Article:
Skip to main content
eScholarship
Open Access Publications from the University of California

UC Davis

UC Davis Previously Published Works bannerUC Davis

Evidence Implicating Non-Dioxin-Like Congeners as the Key Mediators of Polychlorinated Biphenyl (PCB) Developmental Neurotoxicity.

  • Author(s): Klocke, Carolyn
  • Lein, Pamela J
  • et al.
Abstract

Despite being banned from production for decades, polychlorinated biphenyls (PCBs) continue to pose a significant risk to human health. This is due to not only the continued release of legacy PCBs from PCB-containing equipment and materials manufactured prior to the ban on PCB production, but also the inadvertent production of PCBs as byproducts of contemporary pigment and dye production. Evidence from human and animal studies clearly identifies developmental neurotoxicity as a primary endpoint of concern associated with PCB exposures. However, the relative role(s) of specific PCB congeners in mediating the adverse effects of PCBs on the developing nervous system, and the mechanism(s) by which PCBs disrupt typical neurodevelopment remain outstanding questions. New questions are also emerging regarding the potential developmental neurotoxicity of lower chlorinated PCBs that were not present in the legacy commercial PCB mixtures, but constitute a significant proportion of contemporary human PCB exposures. Here, we review behavioral and mechanistic data obtained from experimental models as well as recent epidemiological studies that suggest the non-dioxin-like (NDL) PCBs are primarily responsible for the developmental neurotoxicity associated with PCBs. We also discuss emerging data demonstrating the potential for non-legacy, lower chlorinated PCBs to cause adverse neurodevelopmental outcomes. Molecular targets, the relevance of PCB interactions with these targets to neurodevelopmental disorders, and critical data gaps are addressed as well.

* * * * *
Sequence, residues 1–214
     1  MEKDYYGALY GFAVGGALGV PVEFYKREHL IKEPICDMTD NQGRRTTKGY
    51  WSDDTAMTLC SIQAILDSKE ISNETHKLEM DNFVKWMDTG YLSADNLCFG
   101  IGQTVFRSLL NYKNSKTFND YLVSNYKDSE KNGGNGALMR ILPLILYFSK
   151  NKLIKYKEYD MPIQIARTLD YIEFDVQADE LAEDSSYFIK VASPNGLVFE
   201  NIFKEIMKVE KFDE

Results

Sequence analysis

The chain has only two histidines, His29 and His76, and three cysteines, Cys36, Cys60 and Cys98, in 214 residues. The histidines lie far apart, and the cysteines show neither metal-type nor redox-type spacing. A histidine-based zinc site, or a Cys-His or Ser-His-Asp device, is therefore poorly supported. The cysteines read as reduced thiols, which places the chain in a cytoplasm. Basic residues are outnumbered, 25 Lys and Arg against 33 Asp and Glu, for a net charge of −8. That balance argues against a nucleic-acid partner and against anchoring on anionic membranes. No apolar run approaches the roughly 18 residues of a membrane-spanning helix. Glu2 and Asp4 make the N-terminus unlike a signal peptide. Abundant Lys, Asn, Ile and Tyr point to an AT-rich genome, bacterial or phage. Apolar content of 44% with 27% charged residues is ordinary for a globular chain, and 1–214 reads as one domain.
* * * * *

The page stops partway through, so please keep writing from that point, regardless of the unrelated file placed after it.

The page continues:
Many UC-authored scholarly publications are freely available on this site because of the UC's open access policies. Let us know how this access is important for you.

Main Content
Current View